The following table presents information about reportable segments for the three and six months ended June 30, 2012 and 2011.
Statement of operations data:
 
Three Months Ended
 
Six Months Ended
(in thousands)
 
June 30,
 
June 30,
 
 
2012
 
2011
 
2012
 
2011
Net Sales:
 
 
 
 
 
 
 
 
Precious Metal
 
$
49,576

 
$
54,051

 
$
97,414

 
$
98,697

Tubing
 
25,905

 
24,474

 
51,697

 
48,873

Engineered Materials
 
77,014

 
74,168

 
134,127

 
123,562

Arlon
 
21,703

 
21,813

 
41,708

 
43,842

Kasco
 
13,015

 
12,947

 
26,403

 
25,808

Total net sales
 
$
187,213

 
$
187,453

 
$
351,349

 
$
340,782

Segment operating income:
 
 
 
 
 
 
 
 
Precious Metal
 
7,803

 
5,612

 
13,417

 
10,114

Tubing
 
4,574

 
3,292

 
8,119

 
7,573

Engineered Materials
 
10,413

 
10,050

 
14,945

 
12,188

Arlon  (a)
 
3,970

 
2,513

 
6,498

 
4,649

Kasco
 
852

 
961

 
2,009

 
2,070

Total segment operating income
 
27,612

 
22,428

 
44,988

 
36,594

Unallocated corporate expenses & non operating units (b)
 
(5,521
)
 
(4,473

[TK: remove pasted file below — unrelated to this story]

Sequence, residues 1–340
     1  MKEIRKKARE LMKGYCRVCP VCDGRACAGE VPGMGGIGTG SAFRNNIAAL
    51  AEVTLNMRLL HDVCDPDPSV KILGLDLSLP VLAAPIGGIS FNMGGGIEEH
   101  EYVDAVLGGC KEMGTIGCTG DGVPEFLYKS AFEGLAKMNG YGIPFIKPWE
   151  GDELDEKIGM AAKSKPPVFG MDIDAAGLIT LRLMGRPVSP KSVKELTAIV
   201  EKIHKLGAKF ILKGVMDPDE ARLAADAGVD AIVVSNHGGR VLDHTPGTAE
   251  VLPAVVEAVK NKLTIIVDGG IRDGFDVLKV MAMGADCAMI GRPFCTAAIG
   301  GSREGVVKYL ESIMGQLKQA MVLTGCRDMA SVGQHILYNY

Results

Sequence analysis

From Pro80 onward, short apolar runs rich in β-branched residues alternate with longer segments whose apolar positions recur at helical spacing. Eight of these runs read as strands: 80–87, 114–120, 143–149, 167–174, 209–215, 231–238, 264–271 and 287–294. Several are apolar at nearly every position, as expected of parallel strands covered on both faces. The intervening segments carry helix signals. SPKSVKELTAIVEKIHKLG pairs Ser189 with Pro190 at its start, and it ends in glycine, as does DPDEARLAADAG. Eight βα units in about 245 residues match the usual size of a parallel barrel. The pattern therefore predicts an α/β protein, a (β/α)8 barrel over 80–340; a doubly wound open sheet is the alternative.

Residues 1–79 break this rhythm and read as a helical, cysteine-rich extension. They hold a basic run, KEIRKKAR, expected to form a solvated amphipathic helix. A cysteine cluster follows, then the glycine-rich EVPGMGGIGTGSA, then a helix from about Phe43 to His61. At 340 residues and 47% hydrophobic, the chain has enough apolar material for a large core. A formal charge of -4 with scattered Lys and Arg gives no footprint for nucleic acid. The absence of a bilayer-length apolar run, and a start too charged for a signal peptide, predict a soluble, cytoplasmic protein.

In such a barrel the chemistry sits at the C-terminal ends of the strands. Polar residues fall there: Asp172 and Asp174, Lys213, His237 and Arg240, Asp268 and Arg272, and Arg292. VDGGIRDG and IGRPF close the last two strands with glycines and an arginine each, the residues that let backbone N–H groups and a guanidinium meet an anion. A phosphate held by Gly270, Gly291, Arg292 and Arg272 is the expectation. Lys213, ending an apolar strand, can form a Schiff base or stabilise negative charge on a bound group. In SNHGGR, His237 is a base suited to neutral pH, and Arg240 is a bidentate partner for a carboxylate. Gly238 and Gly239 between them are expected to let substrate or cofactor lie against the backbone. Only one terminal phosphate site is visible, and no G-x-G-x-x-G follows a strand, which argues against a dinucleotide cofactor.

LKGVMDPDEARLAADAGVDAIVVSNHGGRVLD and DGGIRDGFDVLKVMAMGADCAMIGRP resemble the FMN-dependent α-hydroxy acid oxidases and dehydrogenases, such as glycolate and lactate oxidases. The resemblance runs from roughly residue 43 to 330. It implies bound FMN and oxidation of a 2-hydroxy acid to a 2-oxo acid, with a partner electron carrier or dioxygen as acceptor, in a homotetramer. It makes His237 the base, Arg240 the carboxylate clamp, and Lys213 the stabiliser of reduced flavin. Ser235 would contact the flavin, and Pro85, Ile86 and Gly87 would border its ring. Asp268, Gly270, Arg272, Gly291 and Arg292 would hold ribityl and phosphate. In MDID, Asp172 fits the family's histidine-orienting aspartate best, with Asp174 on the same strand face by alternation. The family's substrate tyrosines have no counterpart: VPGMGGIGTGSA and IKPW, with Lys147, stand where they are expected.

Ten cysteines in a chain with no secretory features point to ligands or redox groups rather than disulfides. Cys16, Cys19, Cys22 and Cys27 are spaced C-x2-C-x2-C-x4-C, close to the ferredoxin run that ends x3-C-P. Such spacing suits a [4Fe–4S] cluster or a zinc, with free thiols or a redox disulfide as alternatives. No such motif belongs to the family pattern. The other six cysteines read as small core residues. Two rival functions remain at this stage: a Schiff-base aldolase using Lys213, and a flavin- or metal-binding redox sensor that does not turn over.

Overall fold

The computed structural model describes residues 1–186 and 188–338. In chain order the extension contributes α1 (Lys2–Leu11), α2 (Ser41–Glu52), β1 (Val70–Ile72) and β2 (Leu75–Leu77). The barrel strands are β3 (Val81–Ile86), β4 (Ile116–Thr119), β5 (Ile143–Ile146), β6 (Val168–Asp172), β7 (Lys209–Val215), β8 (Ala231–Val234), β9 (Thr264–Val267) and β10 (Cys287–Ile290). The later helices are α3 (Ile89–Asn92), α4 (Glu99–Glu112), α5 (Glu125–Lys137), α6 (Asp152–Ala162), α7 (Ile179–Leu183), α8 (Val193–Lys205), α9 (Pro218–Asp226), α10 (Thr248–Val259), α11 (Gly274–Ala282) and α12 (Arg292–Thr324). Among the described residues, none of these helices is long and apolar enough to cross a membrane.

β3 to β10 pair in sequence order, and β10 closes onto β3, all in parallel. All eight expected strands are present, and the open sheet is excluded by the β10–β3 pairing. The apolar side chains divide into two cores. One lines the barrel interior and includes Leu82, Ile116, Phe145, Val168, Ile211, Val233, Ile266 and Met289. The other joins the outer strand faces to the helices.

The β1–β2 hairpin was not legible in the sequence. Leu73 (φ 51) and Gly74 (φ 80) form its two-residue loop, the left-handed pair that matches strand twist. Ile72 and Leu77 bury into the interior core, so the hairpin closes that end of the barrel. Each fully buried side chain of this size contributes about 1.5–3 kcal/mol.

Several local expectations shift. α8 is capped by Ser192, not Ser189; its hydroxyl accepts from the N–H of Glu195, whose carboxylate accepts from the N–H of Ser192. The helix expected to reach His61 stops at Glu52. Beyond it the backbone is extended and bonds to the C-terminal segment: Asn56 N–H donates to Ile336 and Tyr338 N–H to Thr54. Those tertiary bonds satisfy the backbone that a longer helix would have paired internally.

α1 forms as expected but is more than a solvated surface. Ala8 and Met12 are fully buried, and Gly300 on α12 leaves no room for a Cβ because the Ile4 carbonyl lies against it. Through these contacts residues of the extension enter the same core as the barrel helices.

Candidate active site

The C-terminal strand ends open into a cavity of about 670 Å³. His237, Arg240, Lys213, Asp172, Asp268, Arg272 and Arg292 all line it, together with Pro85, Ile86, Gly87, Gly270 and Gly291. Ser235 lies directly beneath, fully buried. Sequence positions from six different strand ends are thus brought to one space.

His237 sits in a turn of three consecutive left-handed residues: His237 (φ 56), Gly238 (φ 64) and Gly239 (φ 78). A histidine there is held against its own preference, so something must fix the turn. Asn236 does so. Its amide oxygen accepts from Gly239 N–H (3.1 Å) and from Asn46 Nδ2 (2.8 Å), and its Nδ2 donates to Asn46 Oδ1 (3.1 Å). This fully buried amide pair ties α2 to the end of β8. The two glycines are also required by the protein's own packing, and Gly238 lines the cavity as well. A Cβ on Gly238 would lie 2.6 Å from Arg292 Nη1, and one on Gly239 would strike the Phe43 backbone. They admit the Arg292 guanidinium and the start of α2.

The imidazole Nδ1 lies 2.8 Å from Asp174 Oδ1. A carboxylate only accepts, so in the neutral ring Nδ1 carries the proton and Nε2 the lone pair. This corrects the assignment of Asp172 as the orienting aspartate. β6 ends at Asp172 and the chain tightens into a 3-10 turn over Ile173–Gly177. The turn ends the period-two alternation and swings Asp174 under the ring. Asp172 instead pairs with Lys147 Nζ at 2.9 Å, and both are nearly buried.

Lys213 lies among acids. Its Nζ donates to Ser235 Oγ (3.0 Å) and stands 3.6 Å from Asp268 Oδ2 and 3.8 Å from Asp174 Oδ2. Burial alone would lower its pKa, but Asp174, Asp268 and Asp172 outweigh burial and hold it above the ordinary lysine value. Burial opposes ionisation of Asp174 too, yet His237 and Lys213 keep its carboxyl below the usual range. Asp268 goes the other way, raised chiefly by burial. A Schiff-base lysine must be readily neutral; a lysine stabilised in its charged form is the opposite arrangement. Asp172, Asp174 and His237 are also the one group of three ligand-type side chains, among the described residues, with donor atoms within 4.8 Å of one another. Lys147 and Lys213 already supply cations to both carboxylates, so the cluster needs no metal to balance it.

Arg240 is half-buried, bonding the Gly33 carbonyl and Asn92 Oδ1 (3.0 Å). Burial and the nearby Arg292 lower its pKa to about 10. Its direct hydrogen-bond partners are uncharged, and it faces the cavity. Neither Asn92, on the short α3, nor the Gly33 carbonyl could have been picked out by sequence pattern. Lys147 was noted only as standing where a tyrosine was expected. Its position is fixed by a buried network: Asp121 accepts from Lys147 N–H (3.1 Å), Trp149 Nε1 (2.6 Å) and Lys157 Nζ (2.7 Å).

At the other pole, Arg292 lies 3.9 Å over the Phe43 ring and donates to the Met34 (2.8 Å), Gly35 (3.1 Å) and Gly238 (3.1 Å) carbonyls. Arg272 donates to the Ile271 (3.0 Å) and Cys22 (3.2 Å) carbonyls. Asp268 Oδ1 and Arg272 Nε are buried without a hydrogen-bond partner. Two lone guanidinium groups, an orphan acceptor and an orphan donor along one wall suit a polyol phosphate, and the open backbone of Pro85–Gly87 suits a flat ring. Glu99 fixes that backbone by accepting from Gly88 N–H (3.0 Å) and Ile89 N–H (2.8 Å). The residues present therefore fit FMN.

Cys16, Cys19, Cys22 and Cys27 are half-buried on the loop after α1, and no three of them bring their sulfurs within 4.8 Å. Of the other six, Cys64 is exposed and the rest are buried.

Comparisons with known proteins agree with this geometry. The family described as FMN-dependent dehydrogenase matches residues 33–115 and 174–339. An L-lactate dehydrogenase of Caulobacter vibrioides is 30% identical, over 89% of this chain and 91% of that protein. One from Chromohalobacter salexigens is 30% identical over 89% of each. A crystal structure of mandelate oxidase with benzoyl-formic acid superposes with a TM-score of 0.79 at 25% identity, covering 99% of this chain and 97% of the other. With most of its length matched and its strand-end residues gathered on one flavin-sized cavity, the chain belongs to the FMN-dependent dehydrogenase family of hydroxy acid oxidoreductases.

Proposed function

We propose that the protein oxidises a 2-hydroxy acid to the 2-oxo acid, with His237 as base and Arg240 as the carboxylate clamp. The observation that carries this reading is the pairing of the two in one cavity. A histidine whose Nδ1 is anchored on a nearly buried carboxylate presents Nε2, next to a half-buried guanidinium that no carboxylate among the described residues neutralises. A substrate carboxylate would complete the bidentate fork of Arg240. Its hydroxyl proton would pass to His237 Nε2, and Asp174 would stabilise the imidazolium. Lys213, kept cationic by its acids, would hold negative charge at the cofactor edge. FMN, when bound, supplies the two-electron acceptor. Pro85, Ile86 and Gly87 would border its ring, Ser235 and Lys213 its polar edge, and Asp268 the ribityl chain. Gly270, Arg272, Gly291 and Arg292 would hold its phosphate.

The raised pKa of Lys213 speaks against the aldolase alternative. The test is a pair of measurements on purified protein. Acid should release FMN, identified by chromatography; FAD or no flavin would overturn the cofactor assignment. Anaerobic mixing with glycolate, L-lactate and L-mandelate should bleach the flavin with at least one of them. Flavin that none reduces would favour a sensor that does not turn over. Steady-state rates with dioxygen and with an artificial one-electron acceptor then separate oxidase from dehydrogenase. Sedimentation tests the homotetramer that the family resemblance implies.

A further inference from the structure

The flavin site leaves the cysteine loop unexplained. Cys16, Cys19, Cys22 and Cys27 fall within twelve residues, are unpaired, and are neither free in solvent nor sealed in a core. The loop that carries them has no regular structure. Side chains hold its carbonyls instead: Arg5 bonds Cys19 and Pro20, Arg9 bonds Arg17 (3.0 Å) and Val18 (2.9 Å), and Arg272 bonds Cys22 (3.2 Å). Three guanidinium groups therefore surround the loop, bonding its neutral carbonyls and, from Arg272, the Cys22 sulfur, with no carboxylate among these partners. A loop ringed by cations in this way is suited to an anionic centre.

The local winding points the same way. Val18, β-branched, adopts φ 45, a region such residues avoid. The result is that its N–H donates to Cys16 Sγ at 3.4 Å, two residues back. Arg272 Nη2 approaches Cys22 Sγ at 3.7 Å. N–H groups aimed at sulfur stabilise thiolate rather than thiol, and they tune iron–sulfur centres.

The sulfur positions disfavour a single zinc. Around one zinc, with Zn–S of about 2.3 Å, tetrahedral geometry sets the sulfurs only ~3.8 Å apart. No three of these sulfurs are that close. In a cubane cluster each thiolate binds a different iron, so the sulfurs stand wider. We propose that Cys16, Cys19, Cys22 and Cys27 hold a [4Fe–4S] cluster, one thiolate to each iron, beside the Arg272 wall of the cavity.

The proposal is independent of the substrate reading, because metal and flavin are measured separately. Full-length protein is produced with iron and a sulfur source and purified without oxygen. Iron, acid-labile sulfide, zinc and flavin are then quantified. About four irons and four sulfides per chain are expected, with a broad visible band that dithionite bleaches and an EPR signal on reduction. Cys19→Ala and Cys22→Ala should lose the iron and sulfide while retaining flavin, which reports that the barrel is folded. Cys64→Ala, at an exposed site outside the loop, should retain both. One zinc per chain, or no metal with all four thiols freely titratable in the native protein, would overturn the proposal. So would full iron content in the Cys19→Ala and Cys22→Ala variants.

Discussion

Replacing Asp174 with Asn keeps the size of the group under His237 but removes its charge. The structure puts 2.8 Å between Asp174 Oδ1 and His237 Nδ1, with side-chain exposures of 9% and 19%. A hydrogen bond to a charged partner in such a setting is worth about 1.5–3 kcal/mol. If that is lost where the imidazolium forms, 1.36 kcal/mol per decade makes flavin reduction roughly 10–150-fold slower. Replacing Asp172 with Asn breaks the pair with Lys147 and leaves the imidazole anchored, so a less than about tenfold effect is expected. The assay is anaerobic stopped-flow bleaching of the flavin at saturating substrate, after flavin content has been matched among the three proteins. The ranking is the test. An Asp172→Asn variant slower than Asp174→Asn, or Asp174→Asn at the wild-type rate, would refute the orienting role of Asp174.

)
 
(10,831
)
 
(9,225
)
Unallocated pension expense
 
(652
)
 
(1,125
)
 
(1,264
)
 
(2,250
)
Gain on disposal of assets
 
26

 
44

 
49

 
44

Operating income
 
21,465

 
16,874

 
32,942

 
25,163

Interest expense
 
(4,350
)
 
(3,297
)
 
(8,199
)
 
(7,626
)
Realized and unrealized gain on derivatives
 
1,612

 
5,019

 
2,510

 
855

Other (expenses) income
 
(152
)
 
(26
)
 
(196
)
 
5

Income from continuing operations before income taxes
 
$
18,575

 
$
18,570

 
$
27,057

 
$
18,397

a)
The segment operating income of the Arlon segment for the six months ended June 30, 2011 includes an asset impairment charge of $0.7 million to write down unused land located in Rancho Cucamonga, California to fair value.
b)